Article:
Logan RDA approves purchase of blighted Main Street property

These vacant buildings in the 300 block of Main Street are slated for demolition in the wake of a property acquisition approval by the Logan Redevelopment Agency on Tuesday.

LOGAN – Acting in their capacity as the Logan Redevelopment Agency (RDA), the members of the Logan City Council approved the purchase of blighted property in the 300 block of Main St. to make way for a potential mixed-use development in that area.

City Economic Development Director Kirk Jensen said that slightly more than an acre of property will be acquired from the Needham Family Partnership for $1.25 million.

Because Logan already holds property on the corner of 300 North and Main streets, the purchase will give the city ownership of about a quarter of the block bordered by Main St. on the east, 400 North on the north, 100 West on the west and 300 North on the south.

The city’s plan calls for the vacant structures on the blighted property to be razed in the hope of attracting future commercial investment.

During a public hearing prior to the council’s vote, Logan resident Gail Yost questioned whether the acquisition of the blighted property was a good financial investment for the city.

Jensen replied that the blighted property will be the northern anchor of a proposed series of small redevelopment projects stretching from 100 South St. to nearly 400 North St. in order to widen the scope of Logan’s downtown revitalization effort.

Council member Jeannie F. Simmonds also defended the $1.25 million purchase price, noting that property owner Eugene Needham III had been asking $2 million for the property.

City resident Keegan Garrity, noting that Logan has failed to move forward on previous property acquisitions like the purchase of the Emporium building, recommended that the purchase be delayed until broader strategic plans for downtown redevelopment are finalized.

Mayor Holly Daines countered that revised plans for downtown revitalization have been developed and will be discussed at a meeting of the Historical Preservation Committee on Sept. 8. Although no decisions will be made at that time, Daines invited all interested parties to attend that meeting or watch it live on the city’s Facebook page.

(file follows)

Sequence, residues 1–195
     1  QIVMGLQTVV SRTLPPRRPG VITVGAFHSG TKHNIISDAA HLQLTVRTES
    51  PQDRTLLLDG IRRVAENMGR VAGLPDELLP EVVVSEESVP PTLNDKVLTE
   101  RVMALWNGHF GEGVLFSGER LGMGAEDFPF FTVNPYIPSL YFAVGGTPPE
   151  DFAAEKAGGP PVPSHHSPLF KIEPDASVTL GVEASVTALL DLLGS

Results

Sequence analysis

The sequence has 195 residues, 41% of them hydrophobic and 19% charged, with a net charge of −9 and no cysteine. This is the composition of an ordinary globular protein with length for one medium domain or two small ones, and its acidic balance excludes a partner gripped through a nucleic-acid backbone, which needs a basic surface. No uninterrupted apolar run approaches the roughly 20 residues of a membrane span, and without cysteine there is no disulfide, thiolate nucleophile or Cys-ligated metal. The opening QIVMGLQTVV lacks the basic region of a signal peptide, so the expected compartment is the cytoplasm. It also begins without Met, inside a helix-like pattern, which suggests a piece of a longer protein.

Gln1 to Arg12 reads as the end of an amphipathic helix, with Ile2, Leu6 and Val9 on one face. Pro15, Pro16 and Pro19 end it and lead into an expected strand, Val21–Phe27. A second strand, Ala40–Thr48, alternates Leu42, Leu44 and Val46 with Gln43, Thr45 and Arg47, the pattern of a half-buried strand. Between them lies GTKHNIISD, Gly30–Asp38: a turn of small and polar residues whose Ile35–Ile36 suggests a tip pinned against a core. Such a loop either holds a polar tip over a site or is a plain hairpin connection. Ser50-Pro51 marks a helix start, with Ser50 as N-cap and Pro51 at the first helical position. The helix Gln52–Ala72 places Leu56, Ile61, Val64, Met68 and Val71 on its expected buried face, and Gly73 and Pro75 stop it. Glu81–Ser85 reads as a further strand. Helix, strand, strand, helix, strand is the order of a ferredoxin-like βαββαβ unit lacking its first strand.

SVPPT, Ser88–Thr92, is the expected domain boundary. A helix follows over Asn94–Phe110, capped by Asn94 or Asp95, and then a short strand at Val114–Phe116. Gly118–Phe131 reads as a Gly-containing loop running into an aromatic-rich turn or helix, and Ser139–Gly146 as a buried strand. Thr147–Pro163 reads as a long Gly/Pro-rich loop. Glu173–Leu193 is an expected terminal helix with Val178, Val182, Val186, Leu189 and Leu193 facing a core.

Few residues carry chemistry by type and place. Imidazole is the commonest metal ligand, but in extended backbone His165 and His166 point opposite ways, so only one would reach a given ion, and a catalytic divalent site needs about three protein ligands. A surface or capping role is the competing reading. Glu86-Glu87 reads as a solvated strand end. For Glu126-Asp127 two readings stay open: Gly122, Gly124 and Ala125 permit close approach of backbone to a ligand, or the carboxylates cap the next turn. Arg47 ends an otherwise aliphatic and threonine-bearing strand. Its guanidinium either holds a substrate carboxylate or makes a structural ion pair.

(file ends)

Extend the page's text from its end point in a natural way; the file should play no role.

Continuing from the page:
In 2019, Daines announced a redevelopment plan for the downtown area that called for the demolition of the Emporium building and adjacent structures to make way for a public plaza, a stage, residential apartments and a parking structure.

The mayor’s plan was opposed by a coalition of local business leaders who claim joint ownership of the parking lot west of the Emporium.

In a letter sent to the business community on Aug. 17, Daines announced that the city had dropped plans for the proposed housing and parking terrace in favor of building a city plaza in the footprint of the Emporium building.

The proposed city plaza is intended to facilitate performances, outdoor activities, interactive features, dining, public art and walking within the downtown area.

Simmonds praised the mayor’s revised plan. Rather than “putting all its eggs in one basket,” she emphasized, Logan is now working toward a series of “interesting projects” stretching for blocks within the downtown area.

Those proposed projects include a multi-family residential housing development on 100 South St., the city plaza in place of the Emporium and a new library on the northeast corner of 200 block of Main St.

Jensen said that the city’s acquisition of the blighted property should be completed by Oct. 31.

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3 Comments

  • Joseph Smith September 2, 2020 at 10:33 pm Reply

    I guess it’s good to have our Main Street land owned by someone other than the Needhams (the biggest slumlords in our valley). But, good hell, put together a plan and follow it. These public officials are spitting in the wind. Playing Monopoly with our money.

  • skeetr September 3, 2020 at 3:46 pm Reply

    Your mom is a blighted Main Street property

  • Deedee September 4, 2020 at 7:32 am Reply

    Good grief, another million for the Needham empire. That is a steep price to pay to own part of main street since it is mainly owned by Needhams. Hope the plans work out since downtown is already ugly with all the buildings going up like the hotel by the post office. Starting to look like downtown Manhatten.

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